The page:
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Prices of oncology medicines in European countries, Australia and New Zealand
Journal of Pharmaceutical Policy and Practice volume 8, Article number: P16 (2015)
Medicines are of major relevance for the treatment of cancer. They appear to be among high-cost medicines; however, their prices are not generally known. In this context, the study aims to survey the prices of oncology medicines in European countries, Australia and New Zealand and explore differences across the countries.
Ex-factory prices per unit as for June 2013 of 31 oncology medicines in 16 European countries, Australia and New Zealand were surveyed and compared. Medicine price data for the 16 European countries were provided by the Pharma Price Information (PPI) service, and Australian and New Zealand medicine price data were retrieved from the respective Pharmaceutical Schedules. Official undiscounted list prices were taken into consideration. Price data refer mainly but not exclusively to the hospital sector and to medicines funded by the State.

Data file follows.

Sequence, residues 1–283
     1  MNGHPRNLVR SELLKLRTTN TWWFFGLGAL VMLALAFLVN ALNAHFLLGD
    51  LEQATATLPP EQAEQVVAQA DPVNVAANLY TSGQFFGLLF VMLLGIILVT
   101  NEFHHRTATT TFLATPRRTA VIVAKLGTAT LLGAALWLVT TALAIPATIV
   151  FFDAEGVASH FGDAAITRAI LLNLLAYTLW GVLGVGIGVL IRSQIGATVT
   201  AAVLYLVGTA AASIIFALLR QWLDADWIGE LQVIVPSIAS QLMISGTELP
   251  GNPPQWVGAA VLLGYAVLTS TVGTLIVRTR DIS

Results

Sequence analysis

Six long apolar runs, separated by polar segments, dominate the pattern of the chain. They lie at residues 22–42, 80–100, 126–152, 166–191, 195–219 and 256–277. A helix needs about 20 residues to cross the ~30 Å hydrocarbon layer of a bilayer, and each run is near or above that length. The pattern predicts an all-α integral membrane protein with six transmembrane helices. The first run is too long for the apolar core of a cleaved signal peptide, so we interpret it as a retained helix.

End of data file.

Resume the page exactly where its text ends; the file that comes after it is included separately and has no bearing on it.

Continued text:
Data availability was higher in the European countries compared with Australia and particularly New Zealand.
Oncology medicines are highly priced. None of the medicines surveyed had a unit price below EUR 10 in the 18 surveyed countries. Five medicines had an average unit ex-factory price between EUR 250 and EUR 1,000, and seven medicines had an average unit price above EUR 1,000.
The difference between the price of a medicine in the highest-priced country and the one in the lowest priced country varied between 28% and 233% except for one medicine with generics on the market (388%). A few medicines had lower outliers (particularly Greek and UK prices) and upper outliers (particularly prices in Switzerland, Germany and Sweden). Overall, Greek prices ranked at a low level, whereas Sweden, Switzerland and Germany showed price data in comparably high ranges.
No pattern was identified as to whether prices in Australia and New Zealand were high or low compared with European countries.
While no relevant price differences of Australia and New Zealand in comparison with European countries were found, funding of oncology medicines appeared to be more restrictive in these two countries, and access to be granted at a later stage. However, these official list prices do not include discounts and similar arrangements that are in place for several of the surveyed medicines in a number of countries.
The authors thank the colleagues of the Austrian Public Health Institute for providing medicine price data on European countries from their Pharma Price Information (PPI) service.